Eureka Birds – That Mountain Is A Volcano
Eureka Birds – There Was Light
It's been four days since I put the call out for straight-forward, even-keeled, unpretentious, honest pop rock. Apparently the indie rock gods heard my calls and graced me with the newest EP from Baltimore-based band Eureka Birds.
Eureka Birds have been poking around the Baltimore scene since 2006. Under the direction of frontman Justin Levy (who also plays solo shows as Eureka Bird) they released a self-titled debut album in 2008 and are back at it with the January release of the Eureka! EP.
The gents (and lady) of Eureka Birds work in the quieter spectrum of indie pop and I'm perfectly alright with that. The arrangements are lush and dramatic – filled with hushed melodies, orchestral flourishes, and catchy percussion. There's an understated ambition to these songs; none is content to simply be a slow, heartfelt ballad. They're injected with a tangible edge that sleeps inside the sharp drum kit and pulsing bass lines.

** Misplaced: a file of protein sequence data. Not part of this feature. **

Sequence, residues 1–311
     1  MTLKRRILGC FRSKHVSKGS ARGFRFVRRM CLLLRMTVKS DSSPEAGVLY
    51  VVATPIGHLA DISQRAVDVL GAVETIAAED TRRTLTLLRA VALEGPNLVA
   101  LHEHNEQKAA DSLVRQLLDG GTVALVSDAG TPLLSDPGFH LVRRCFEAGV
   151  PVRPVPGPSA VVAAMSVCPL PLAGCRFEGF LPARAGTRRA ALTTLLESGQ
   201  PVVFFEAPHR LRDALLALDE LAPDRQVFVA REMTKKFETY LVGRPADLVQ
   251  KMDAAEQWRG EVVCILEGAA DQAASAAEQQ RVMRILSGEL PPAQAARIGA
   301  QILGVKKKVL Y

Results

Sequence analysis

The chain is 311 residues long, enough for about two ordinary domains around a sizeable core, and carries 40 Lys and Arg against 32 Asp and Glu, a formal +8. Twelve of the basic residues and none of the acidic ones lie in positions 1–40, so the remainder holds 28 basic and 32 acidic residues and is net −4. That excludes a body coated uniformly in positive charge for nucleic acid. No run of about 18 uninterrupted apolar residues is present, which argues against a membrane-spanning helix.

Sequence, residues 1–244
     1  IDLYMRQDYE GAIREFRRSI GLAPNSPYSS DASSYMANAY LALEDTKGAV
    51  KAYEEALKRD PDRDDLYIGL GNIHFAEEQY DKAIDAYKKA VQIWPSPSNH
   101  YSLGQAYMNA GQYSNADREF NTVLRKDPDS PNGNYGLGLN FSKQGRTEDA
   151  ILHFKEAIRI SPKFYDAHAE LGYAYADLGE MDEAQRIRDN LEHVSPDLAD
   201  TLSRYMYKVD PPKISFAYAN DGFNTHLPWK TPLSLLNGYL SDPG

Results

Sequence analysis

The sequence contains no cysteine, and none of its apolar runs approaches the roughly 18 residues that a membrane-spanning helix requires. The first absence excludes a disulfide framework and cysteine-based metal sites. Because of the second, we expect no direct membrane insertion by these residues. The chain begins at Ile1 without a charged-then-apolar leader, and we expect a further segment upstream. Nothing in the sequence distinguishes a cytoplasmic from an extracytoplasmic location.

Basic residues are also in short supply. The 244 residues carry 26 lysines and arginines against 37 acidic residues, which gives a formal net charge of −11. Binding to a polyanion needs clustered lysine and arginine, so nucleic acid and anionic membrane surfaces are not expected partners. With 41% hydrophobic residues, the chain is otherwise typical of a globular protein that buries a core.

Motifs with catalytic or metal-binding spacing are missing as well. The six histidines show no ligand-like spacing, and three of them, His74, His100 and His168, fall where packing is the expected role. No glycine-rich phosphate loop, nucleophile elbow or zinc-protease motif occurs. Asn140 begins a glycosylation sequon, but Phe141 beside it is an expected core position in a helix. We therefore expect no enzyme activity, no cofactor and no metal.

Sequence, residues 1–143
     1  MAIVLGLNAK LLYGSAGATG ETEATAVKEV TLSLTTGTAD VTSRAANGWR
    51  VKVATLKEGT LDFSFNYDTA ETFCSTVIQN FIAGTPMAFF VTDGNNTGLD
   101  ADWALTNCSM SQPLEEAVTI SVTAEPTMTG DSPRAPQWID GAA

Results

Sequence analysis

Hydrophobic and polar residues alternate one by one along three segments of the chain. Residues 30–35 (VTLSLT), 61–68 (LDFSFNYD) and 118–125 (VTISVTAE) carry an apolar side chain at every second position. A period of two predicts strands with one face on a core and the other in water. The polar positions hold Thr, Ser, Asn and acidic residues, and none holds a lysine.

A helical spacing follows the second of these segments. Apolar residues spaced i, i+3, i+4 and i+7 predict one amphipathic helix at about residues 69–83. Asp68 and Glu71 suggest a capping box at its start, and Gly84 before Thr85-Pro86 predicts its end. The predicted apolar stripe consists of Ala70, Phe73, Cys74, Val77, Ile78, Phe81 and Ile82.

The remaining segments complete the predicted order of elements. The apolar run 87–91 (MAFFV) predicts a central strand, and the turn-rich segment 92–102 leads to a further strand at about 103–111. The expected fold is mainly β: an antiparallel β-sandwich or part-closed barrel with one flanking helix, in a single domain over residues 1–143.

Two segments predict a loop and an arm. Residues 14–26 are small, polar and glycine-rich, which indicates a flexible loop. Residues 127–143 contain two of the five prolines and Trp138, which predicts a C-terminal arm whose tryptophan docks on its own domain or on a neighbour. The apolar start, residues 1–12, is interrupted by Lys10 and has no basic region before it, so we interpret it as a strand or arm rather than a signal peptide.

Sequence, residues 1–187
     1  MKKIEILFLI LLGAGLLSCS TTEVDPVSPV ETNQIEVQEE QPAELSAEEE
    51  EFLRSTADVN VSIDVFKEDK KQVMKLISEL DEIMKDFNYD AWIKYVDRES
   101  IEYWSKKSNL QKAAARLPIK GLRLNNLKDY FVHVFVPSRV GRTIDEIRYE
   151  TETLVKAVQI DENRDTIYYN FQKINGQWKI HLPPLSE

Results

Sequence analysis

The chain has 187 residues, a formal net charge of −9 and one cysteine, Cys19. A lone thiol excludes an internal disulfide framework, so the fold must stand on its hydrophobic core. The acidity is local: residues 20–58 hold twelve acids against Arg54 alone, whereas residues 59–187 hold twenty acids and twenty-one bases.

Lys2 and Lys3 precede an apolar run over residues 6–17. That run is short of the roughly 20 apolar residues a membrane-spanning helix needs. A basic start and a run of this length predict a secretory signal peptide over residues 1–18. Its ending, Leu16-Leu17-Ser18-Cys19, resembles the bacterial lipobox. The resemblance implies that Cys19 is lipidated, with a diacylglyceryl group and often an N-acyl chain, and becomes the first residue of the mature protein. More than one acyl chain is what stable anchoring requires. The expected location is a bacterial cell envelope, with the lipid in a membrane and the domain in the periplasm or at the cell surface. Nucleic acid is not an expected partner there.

"That Mountain Is A Volcano" is a builder and a grower. It's haunting keyboard intro sets the tone of impending doom. "Maybe we'll never see it comin'", Levy sings, his vocal tone making you unsure whether he's warning you or hoping for the disaster. He cycles through a list of potential natural and man-made disasters until the chorus breaks into a chipper sing-a-long filled with "oohs" and "aahs". The apocalypse has never sounded so catchy.
You have to love Levy's moxie. He uses the indie pop format to craft an epic song about the imminent destruction of our planet, and then follows it two songs later with a step-by-step description of the Big Bang and the evolution of Earth. "There Was Light" gives us a heavier rhythm and some distorted guitar, but doesn't wander from the Eureka Birds' core sound.